I didn't cut sugar out, but I didn't cut anything out. I eat whatever I like now. Which, yesterday, was 3 donuts & 2 mars bars. Completely fell off the wagon with overwhelming stress & depression. Today though, I'm back to normal: cheese & onion omelette for breakfast, then whole wheat pasta with pesto for dinner. No sugar in my tea. Oh, and a mug of hot water with lemon first thing.
I'll say one thing about how I managed to get Intuitive Eating to work: I stopped putting sugar in my tea. Then in my coffee. The constant hunger I was having (I mean, constant as in "I had a meal 30 minutes ago... why do I want to pass out with hunger?!") went away. I can never say I cut it out, because I can't do the cutting out thing. But when I go through 10+ cups of tea/coffee a day, a spoonful of white sugar in each one just played havoc with my hunger signal.
I picked up New Scientist last month as they had an article that looked relevant. I think it was this article that basically said that past a certain point, chronic elevated intake of processed sugar messes with your hunger hormones. You have insulin, and processed sugar contributes to making you insulin resistant. You also have grehlin, the hormone that tells you to eat. When eating too much refined sugar, cells would let energy IN, but would continue to produce grehlin, keeping you hungry. Also, it suppressed the production of leptin, the hormone that tells you to stop eating. (ps: this is from memory so correct me if I've got that wrong! I did read studies on it, either a confirmed or suspected link). I'm no endocrinologist, but this is useful stuff for me to know, as in part, I can now pay attention to why my hunger signal is behaving the way it is on response to what I eat, instead of just assuming I have a "willpower problem" and losing my head over it.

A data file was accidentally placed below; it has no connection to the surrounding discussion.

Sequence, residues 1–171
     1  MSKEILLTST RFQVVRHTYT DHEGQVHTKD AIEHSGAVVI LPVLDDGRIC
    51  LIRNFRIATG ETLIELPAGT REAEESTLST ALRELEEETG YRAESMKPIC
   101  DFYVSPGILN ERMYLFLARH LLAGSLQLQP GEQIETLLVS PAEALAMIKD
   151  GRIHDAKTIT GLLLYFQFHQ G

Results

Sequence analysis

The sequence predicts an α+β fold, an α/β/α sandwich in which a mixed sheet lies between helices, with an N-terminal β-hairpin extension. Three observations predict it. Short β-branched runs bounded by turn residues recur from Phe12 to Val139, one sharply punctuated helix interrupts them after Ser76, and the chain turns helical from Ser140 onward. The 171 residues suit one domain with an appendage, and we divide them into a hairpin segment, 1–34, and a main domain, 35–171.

Perhaps the more prolonged your access to refined sugar is, the more "addictive" it becomes? As in, over time you'll go through the stages right up to full blown diabetes and then your body has more trouble regulating its response to sugar? Being a possible reason why some can do "in moderation" and some can't, maybe it's as much a hormonal thing as a mental thing? It does seem like both healthy and unhealthy behaviours have a cumulative effect on the entire body.
Sorry for going on a bit, this is kind of my pet subject right now